Scotland ‘City of Yes’ is no pushover

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A day before Scotland votes on whether to become independent, Dundee looks like it is already holding a victory parade for the Yes campaign.

With hours to go before polls even open, the so-called “City of Yes”, a heartland of Scottish nationalism, is in celebratory mode. But behind the noisy independence campaign, there are plenty of “shy No voters” even here – enough to make Yes supporters distinctly nervous.

Those who have run the independence campaign in Dundee are optimistic for now, predicting a winning margin of about 65 per cent to 35 per cent.

Mike Strachan gave up his job running a pet food shop to take charge of the Yes campaign office in Dundee. He turned it into a “hub” where volunteers, activists and generally interested people can come in, pick up some leaflets, or even a free sweatshirt, and join in the debate.

The sense in the hub is of a ground-level campaign reaching its climax. Mr Strachan says: “Dundee is massively Yes.” Stewart Hosie, the Scottish National party MP, adds: “Dundee is no longer a frightened city, it has refound its confidence under an SNP administration.”

The SNP has a majority on the council here, and has wrested one of the two Westminster seats from Labour.

Around the city centre, the sense of excitement from Yes supporters is palpable. A blue fire engine sits next to a van blasting out “Flower of Scotland” on repeat. Two dogs in Yes vests sit patiently to have their photographs taken by passers-by. At 5pm, activists stage a parade through the centre, which they call the “Sea of Saltires”.

Against this backdrop, it is easy to see why it might be difficult to be a No voter – not least because the official Better Together campaign looks to have virtually deserted the city. Near the Yes office, four students hand out No literature while struggling to be heard over the blare of the loudspeaker being used by “Radicals for Yes”.

The Better Together office, meanwhile, is deserted, and the students appear unsure of who is organising the campaign. A call to the office of Jim McGovern, the local Labour MP who has been at the heart of the city’s No operation, goes unreturned.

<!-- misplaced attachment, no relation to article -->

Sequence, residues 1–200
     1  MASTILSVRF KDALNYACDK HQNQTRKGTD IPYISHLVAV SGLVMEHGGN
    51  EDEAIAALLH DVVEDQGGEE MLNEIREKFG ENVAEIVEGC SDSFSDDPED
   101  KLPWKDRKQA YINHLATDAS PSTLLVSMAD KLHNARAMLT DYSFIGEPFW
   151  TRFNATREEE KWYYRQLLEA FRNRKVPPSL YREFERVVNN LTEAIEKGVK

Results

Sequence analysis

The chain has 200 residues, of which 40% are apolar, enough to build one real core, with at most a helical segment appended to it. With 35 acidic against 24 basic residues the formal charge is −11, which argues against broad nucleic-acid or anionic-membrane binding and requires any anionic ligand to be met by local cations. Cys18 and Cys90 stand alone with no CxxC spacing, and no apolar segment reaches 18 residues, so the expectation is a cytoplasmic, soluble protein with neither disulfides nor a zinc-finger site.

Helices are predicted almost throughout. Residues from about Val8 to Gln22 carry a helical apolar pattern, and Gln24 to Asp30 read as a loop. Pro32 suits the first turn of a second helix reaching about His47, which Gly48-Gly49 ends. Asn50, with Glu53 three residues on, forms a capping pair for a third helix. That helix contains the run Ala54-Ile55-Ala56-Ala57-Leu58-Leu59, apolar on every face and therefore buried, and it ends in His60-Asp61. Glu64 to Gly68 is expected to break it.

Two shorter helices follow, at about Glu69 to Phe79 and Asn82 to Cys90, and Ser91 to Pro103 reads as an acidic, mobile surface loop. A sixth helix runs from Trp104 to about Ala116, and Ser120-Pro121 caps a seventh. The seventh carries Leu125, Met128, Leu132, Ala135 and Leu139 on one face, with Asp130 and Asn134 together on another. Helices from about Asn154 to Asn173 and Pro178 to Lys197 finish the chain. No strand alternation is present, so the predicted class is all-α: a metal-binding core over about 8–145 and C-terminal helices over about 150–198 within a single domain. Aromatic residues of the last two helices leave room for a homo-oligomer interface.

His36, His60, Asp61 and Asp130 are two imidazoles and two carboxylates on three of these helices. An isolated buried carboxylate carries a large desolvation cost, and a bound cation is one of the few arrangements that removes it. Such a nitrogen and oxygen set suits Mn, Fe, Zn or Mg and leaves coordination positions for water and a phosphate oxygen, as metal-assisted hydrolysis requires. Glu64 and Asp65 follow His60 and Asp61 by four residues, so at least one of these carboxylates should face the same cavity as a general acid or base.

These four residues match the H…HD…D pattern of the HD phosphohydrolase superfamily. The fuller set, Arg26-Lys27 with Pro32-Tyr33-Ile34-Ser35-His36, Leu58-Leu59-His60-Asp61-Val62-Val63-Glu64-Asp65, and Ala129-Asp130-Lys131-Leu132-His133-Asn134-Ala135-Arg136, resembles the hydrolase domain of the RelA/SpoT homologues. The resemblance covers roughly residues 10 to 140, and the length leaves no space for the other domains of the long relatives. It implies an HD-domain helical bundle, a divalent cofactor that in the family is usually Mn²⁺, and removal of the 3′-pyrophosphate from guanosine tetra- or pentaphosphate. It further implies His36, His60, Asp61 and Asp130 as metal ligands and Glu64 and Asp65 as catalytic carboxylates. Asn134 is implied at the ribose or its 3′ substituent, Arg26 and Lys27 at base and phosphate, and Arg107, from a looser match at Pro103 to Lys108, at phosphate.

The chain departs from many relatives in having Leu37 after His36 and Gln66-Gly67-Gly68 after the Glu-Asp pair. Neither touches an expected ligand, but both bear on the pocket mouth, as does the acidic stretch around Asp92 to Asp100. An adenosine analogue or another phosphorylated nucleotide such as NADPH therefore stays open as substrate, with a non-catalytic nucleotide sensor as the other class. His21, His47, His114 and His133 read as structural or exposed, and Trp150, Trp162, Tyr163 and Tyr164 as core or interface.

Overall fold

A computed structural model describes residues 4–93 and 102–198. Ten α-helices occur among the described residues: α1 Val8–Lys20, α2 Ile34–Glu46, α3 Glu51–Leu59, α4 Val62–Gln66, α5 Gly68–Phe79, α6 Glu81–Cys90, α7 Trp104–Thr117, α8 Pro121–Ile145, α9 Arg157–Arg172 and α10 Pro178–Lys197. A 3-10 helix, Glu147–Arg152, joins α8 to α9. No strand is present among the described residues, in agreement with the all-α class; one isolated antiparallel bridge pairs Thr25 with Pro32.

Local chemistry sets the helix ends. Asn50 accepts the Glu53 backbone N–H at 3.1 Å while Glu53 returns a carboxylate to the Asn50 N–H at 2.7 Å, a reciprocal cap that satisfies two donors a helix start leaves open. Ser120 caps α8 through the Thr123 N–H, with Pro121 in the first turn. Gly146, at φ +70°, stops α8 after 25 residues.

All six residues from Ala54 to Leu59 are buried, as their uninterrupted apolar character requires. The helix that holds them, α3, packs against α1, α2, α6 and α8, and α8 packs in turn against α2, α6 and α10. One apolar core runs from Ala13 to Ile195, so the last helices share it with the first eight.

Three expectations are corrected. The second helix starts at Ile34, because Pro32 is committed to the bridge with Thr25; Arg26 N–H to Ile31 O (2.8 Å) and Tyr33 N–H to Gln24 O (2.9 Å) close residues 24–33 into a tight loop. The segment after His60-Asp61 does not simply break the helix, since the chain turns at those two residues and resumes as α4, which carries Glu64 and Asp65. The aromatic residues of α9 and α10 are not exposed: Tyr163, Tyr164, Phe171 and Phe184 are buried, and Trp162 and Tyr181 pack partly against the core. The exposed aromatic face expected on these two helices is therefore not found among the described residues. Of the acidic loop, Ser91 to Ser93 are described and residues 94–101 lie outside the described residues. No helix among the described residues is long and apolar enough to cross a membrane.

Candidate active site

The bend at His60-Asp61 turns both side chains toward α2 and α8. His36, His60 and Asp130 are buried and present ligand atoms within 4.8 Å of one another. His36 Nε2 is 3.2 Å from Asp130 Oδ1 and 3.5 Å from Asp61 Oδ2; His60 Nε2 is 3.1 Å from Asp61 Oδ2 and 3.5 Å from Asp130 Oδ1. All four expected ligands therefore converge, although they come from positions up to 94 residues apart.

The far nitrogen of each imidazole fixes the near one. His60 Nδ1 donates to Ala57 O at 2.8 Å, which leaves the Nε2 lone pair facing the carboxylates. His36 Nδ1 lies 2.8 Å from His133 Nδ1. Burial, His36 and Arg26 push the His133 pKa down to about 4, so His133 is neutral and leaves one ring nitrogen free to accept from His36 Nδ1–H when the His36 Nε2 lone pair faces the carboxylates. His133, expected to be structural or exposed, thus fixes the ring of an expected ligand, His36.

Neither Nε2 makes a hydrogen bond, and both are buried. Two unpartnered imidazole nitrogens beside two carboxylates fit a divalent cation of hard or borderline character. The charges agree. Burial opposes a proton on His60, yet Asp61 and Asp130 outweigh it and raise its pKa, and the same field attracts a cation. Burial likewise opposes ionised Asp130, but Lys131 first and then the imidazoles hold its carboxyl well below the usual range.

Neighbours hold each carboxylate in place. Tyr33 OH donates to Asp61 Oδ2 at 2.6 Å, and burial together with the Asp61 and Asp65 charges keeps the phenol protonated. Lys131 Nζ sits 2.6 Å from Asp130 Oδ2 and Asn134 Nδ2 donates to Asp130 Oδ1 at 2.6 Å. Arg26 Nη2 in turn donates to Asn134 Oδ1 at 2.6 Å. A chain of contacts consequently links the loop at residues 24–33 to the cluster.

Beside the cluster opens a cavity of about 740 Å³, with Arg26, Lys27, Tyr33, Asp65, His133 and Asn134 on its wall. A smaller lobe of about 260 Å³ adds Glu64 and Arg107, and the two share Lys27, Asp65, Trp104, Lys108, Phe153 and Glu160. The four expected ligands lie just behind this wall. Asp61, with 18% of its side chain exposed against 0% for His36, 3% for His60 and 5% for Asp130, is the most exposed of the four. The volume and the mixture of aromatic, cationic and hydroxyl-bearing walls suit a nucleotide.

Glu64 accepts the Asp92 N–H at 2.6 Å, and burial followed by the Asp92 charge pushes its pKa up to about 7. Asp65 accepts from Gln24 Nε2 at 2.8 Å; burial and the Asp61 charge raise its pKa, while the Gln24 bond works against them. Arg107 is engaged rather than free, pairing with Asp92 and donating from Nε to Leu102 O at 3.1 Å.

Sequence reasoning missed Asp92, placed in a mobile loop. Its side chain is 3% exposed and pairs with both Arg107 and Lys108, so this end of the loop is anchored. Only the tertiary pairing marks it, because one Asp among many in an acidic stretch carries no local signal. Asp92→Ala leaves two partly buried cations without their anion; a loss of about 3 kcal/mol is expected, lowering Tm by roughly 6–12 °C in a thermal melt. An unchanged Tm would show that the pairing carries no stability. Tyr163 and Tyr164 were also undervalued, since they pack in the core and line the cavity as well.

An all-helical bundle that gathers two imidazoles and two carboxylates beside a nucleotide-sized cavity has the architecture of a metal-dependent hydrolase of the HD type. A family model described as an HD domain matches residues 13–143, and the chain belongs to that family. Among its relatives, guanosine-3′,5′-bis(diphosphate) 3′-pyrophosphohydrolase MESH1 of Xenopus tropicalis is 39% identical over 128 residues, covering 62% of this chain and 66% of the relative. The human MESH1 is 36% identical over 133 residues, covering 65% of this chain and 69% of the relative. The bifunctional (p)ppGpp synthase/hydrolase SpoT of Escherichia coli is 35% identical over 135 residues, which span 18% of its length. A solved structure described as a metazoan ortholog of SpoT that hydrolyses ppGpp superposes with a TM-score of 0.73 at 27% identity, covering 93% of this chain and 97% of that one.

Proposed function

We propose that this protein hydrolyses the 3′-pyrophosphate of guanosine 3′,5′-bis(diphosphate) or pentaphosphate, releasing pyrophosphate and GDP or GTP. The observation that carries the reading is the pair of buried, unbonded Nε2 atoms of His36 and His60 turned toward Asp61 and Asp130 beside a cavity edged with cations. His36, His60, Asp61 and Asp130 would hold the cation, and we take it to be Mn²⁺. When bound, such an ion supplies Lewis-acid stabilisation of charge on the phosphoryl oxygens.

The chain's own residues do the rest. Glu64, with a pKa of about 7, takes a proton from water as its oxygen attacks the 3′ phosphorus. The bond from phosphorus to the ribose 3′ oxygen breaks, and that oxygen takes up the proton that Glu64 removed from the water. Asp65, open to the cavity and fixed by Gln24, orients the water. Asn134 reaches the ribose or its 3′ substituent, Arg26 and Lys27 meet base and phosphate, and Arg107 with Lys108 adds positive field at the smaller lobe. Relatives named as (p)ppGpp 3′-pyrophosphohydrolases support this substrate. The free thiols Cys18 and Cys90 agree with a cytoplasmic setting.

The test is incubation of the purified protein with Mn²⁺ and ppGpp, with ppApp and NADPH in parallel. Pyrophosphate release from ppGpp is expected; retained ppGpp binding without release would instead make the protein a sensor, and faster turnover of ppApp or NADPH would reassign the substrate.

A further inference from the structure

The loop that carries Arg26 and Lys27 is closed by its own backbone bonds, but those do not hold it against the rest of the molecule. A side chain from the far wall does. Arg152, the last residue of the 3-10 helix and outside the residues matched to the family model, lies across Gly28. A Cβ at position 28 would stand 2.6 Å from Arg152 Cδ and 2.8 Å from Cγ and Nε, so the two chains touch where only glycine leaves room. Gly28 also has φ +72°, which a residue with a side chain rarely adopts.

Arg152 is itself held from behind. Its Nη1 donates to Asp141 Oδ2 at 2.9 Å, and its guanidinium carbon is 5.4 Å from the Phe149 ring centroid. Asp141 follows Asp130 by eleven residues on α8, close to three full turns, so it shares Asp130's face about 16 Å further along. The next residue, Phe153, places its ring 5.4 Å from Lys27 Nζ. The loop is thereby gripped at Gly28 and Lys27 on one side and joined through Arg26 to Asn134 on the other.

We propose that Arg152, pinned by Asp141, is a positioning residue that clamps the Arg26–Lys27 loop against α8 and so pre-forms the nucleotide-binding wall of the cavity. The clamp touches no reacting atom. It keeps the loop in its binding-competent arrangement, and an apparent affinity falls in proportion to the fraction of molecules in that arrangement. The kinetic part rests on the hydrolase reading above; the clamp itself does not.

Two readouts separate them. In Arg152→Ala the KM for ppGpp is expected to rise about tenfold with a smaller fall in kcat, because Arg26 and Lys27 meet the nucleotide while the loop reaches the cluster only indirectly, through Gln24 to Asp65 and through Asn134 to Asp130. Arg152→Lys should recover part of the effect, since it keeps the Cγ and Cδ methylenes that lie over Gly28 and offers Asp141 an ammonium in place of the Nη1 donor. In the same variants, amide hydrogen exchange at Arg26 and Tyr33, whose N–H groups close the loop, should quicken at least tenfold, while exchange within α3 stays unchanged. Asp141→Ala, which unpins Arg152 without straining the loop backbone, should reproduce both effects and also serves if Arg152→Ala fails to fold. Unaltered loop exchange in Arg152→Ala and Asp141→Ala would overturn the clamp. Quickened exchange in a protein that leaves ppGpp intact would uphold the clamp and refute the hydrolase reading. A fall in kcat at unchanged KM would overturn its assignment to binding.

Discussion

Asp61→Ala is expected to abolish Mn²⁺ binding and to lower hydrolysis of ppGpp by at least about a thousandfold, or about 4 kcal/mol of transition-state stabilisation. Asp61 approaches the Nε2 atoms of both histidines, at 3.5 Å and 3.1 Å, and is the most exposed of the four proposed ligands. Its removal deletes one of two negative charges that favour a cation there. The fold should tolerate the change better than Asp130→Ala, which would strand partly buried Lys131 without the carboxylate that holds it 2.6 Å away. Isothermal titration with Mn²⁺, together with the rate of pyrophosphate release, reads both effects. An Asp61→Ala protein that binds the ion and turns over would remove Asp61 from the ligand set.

But while the No campaign may have taken a quiet step backwards, its supporters are here, even if they are too shy to say so loudly. Michelle Montague, one of the few people brave enough to wear a No sticker in Dundee city centre, says: “Half my friends are No voters, but you see how hard it is. People get shouted at for wearing No stuff – Yes supporters stop them and call them disgusting.”

Every No voter seems to think they are alone. Doug Paul says: “I am a big No – but you won’t find many of us about.” In fact, nearly half of those stopped by the FT feel the same. Mary, a Dundee resident who does not want to give her second name for fear of coming under fire from friends and colleagues, says: “They tell us we can’t be Scottish if we vote No.”

The Better Together campaign believes these “shy No voters”, who may not have told pollsters or campaigners they are likely to vote against independence, will give them a more resounding victory than the polls suggest.

No strategists also say they have received intelligence from inside the Yes campaign suggesting their canvas returns from Dundee show undecided voters are swinging for No by a factor of two to one. Mr Strachan denies this, but warns: “Some people are expecting Dundee to be 80 per cent Yes, but I don’t think it will be as stark as that. I think it is likely to be closer to 65 per cent.”

Bookmakers predict the city will vote more heavily in favour of independence than any other. But if there turn out to be enough quiet No voters to make the Dundee result anything other than a thumping Yes win, the nationalists can write off their chances elsewhere in the country.

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